We Recommend: Crystal Quest Thunder
Our Runner-Up: USWS Defender
Commercial whole house reverse osmosis systems are popular in a wide range of businesses including coffee shops, restaurants, breweries, car washes, and hotels. As you might expect, the cost of a commercial RO system also depends on its size and filtration capacity. Expect $500 to be the absolute minimum.
Smaller commercial systems, as you might find in a coffee shop, will cost similar to residential systems. Larger units with high capacities can easily run into the tens of thousands, so a precise estimate is hard to make.
Reverse osmosis systems for industrial usage are the highest capacity and most expensive systems out there. Hence they cost significantly more than residential or commercial setups.
How much more? A precise cost estimate isn’t possible without getting into specifics, but on the low end, these systems cost tens of thousands. If you’re looking at units with higher flow rates, then $100,000+ is quite common.
Below are the factors affecting whole house reverse osmosis system cost.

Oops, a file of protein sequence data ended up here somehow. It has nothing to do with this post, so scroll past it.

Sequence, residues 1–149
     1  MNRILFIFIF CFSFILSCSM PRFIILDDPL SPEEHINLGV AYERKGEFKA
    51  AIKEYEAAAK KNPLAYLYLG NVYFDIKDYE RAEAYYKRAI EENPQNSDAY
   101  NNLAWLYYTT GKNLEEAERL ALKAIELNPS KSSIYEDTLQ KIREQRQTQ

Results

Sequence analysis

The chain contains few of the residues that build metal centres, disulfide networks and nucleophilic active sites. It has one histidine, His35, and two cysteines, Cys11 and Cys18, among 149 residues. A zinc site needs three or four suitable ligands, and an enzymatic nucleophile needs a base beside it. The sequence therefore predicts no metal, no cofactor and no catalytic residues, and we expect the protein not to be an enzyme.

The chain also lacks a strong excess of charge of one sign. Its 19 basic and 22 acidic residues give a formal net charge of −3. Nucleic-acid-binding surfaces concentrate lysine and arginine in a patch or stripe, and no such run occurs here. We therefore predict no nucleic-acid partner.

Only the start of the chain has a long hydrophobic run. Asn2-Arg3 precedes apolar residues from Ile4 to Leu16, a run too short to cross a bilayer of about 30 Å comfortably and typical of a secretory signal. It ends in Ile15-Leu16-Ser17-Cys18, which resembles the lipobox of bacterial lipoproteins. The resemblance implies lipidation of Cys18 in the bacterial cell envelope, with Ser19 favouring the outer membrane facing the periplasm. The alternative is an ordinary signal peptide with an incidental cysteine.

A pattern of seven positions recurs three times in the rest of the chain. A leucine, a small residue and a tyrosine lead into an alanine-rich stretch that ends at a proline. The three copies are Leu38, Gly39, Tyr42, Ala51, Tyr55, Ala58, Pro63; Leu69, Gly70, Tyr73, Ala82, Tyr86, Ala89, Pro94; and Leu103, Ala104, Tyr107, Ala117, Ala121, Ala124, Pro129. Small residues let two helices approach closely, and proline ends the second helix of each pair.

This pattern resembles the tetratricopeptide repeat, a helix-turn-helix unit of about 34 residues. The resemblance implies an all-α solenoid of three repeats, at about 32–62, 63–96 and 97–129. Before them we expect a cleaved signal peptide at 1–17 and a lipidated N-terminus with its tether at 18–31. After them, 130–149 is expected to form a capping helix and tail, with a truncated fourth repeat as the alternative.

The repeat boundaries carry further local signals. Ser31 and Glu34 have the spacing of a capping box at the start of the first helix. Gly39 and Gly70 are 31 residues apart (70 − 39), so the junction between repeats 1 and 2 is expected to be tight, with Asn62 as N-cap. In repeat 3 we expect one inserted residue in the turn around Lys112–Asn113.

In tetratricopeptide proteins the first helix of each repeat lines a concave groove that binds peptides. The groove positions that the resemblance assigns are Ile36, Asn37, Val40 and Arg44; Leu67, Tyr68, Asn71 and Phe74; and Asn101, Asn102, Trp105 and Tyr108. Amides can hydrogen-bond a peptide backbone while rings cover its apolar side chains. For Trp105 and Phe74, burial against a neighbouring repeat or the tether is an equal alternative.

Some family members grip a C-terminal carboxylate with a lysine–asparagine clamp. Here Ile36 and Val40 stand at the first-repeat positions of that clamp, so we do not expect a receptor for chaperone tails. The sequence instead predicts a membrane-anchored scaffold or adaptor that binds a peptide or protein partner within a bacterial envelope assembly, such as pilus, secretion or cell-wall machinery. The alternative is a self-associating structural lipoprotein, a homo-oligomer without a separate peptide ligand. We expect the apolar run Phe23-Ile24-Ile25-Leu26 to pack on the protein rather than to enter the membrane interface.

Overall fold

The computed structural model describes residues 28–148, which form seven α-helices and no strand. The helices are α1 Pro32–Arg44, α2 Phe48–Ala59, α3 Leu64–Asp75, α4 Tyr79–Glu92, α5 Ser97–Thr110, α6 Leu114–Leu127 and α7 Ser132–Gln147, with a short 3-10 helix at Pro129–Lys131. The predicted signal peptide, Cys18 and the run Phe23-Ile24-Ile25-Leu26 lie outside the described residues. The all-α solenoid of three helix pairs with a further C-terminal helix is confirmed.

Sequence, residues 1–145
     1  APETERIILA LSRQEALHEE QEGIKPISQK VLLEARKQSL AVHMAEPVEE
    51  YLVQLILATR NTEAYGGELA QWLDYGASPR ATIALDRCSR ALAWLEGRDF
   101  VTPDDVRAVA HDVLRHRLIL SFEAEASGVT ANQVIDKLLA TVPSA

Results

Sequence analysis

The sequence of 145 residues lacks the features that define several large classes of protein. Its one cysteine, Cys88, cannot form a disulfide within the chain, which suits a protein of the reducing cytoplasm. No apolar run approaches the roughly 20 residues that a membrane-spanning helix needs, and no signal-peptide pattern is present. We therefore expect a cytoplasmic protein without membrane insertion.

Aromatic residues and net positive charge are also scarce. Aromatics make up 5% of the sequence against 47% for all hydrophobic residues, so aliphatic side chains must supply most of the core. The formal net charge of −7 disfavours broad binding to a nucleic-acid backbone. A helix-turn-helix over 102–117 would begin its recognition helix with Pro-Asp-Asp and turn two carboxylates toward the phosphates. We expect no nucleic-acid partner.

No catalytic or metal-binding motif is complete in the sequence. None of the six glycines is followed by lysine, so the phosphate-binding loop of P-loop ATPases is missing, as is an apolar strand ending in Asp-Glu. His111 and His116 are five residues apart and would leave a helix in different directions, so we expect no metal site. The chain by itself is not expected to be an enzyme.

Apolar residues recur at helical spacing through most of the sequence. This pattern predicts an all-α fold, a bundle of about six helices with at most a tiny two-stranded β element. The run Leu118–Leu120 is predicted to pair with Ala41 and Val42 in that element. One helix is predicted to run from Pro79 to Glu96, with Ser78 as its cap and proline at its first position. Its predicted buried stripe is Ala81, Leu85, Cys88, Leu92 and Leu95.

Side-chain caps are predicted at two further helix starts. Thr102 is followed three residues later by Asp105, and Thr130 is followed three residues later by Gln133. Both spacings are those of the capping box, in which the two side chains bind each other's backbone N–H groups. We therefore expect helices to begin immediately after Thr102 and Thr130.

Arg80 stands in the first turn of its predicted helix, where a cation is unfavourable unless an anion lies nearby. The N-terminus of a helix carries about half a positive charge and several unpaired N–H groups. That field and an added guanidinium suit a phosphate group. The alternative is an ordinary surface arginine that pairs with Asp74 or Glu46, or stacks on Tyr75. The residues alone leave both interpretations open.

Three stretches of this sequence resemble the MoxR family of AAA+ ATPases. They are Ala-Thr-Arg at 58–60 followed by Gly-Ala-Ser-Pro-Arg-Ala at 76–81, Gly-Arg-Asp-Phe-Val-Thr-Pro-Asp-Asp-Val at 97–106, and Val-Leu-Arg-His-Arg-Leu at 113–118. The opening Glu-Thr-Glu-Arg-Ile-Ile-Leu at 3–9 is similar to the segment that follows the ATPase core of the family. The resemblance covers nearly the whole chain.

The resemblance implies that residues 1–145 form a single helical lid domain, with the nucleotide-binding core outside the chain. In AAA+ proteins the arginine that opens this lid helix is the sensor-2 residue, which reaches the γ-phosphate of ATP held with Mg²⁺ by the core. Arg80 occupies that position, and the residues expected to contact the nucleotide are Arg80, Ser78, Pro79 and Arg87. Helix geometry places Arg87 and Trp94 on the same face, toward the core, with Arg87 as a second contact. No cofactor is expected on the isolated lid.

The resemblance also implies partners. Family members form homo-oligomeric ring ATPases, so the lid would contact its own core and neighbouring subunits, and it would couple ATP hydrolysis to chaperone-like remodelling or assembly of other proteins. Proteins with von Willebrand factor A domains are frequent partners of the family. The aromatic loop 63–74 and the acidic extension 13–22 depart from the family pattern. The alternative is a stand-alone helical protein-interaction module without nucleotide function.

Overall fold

The primary factor influencing a system’s cost will be its size. Size in this case is determined by the system’s daily filtration capacity.
The capacity will be rated in gallons per day (GPD), which is the number of gallons of filtered water the system can produce each day. It’s important to keep in mind that the GPD rating will differ from real life performance, as the GPD number is calculated based on ideal conditions.
Besides, a whole house reverse osmosis system shouldn’t run at full capacity all the time. 75% or less is considered ideal.
To calculate your requirements, you can assume 80 to 100 gallons of water use per day for each person in your household. So, for a family of four, you would need a system with at least 400 gallons per day capacity. If we conservatively assume we aim for 50% utilization of the stated GPD, then you’ll need a system with 800 GPD daily filtering capacity.
While almost all whole house RO systems utilize a storage tank to keep enough filtered water on hand to fulfill your requirements, the system’s flow rate should be considered if you’re planning to go tankless. This is measured in gallons per minute (gpm) instead of GPD.
When it comes to residential whole house RO systems, you’ll need a storage tank to keep enough water available for immediate use. Only commercial systems are sometimes tankless.